All majors, in consultation with their advisors, should track their academic progress through Navigator and should keep updated flow sheets to insure compliance with all major and university requirements. Majors and minors with advising questions should first contact their assigned advisors.

Bachelor of Arts in English

The Program: 42 hours in English including 27 hours of required courses in specified categories and 9 hours of electives. At least 9 hours must be at the 400 level or higher.

First-year English majors are required to take W-I course. They are also required to take  ENL 160 Literature I: Reading Broadly  and ENL 161 Literature II: Reading Closely 

The required course categories are:

National/Postnational.  9 credit hours, to be divided as follows:

3 credit hours in pre-19th Century British and Anglophone literature
3 credit hours in pre-20th Century United States and the Americas literature
3 credit hours in Postnational 20th and 21st Century literature

Genre, Major/Minor Author, Period, Topic.  6 credit hours.

Approaches to Language, Literacy, and Writing.  6 credit hours.

Approaches to Theory.  3 credit hours.

Capstone Experience. 3 credit hours.
 

English Courses by Category

British and Anglophone Pre-19th Century

ENL 240 British Literary Studies I  
ENL 241 British Literary Studies II  
ENL 340 Shakespeare I  
ENL 341 Shakespeare II  
ENL 442 Studies in Shakespeare  
ENL 443 Seventeenth Century English Poetry  
ENL 444 Origins of the British Novel  

United States and the Americas Pre-20th Century

ENL 250 American Literary Studies I  
ENL 255 African American Literature I  
ENL 450 Early American Literature  
ENL 451 American Romanticism  
ENL 452 American Realism  
ENL 453 American Naturalism  

Postnational 20th and 21st Century Literature

ENL 140 Contemporary British Culture After Empire  
ENL 233 Contemporary Society Through Literature  
ENL 251 American Literary Studies II  
ENL 253 Multiethnic American Literature  
ENL 256 African American Literature II  
ENL 282 World Drama  
ENL 338 Poetry I (Modern)  
ENL 339 Poetry II (Contemporary) 
ENL 344 Twentieth Century British Fiction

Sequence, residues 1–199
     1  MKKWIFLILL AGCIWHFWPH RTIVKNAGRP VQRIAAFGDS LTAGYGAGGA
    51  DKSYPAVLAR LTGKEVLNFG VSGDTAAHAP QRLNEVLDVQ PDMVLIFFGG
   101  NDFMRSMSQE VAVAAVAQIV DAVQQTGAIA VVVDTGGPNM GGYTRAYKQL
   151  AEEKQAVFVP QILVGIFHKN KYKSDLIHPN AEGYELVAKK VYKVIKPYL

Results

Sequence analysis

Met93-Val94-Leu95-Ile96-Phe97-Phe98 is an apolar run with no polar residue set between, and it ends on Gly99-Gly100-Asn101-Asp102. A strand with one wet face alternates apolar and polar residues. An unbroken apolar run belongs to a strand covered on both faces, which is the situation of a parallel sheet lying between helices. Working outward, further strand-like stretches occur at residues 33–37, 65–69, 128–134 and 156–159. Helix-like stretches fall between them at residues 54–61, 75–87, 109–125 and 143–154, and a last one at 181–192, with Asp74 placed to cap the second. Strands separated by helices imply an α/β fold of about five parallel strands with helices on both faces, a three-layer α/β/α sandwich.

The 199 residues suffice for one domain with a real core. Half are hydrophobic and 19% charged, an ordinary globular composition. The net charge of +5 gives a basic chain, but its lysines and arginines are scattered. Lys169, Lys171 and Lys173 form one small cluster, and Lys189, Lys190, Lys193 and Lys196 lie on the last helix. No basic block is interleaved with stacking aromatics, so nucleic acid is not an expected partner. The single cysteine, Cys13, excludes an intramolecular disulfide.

ENL 345 Twentieth Century British Literature  
ENL 352 U.S. Latinx Literature  
ENL 354 Native American Literature  
ENL 360 Irish Literature and Culture  
ENL 365 Modern European Novel  

  
ENL 380 Modern Drama I  
ENL 381 Modern Drama II 
ENL 447 English Literature Between the Wars: 1920-40  
ENL 454 Modern American Literature  
ENL 460 Postcolonial Literature  
  
  
  
ENL 482 Women in Drama  

Genre

ENL 230 Introduction to Poetry  
ENL 232 Novels: Art as Entertainment 
ENL 235 Studies in Literature   
ENL 266 Poetry of Peace and War  
ENL 270 History of the Cinema  
ENL 271 Film Analysis  
ENL 272 Literature and Film I  
ENL 276 Classics of World Cinema 
ENL 280 Topics in Classical Drama 
ENL 282 World Drama  
ENL 313 Survey of Journalistic Styles  
ENL 321 The Craft of Poetry 
ENL 322 The Craft of Fiction 
ENL 330 Short Story  
ENL 332 Novel I  
ENL 333 Novel II  
ENL 334 Literature for Children in the Elementary Grades  

  
  
ENL 339 Poetry II (Contemporary)  
ENL 340 Shakespeare I  
ENL 341 Shakespeare II  
  
  
ENL 365 Modern European Novel  
  
ENL 368 Mystery Fiction  
ENL 370 Women in Literature and Film 
ENL 372 Graphic Novels  
ENL 373 Special Topics in Film  
ENL 374 Third Cinema  
ENL 375 American Musical Film  
ENL 376 Topics in Science Fiction Film  
ENL 380 Modern Drama I  
ENL 381 Modern Drama II  
ENL 410 Workshop in Literary Journalism  
ENL 420 Creative Writing Workshop: Scriptwriting  
ENL 421 Creative Writing Workshop: Non-fiction  
ENL 422 Creative Writing Workshop: Fiction  
  
  
ENL 443 Seventeenth Century English Poetry  
ENL 444 Origins of the British Novel  
ENL 463 Experiments in the Contemporary Novel  
ENL 480 Twentieth Century British Drama  
ENL 481 Modern American Drama  
ENL 482 Women in Drama  
ENL 485 Seminar in Dramaturgy  

Period

ENL 251 American Literary Studies II  
ENL 253 Multiethnic American Literature  
ENL 338 Poetry I (Modern)  
ENL 339 Poetry II (Contemporary)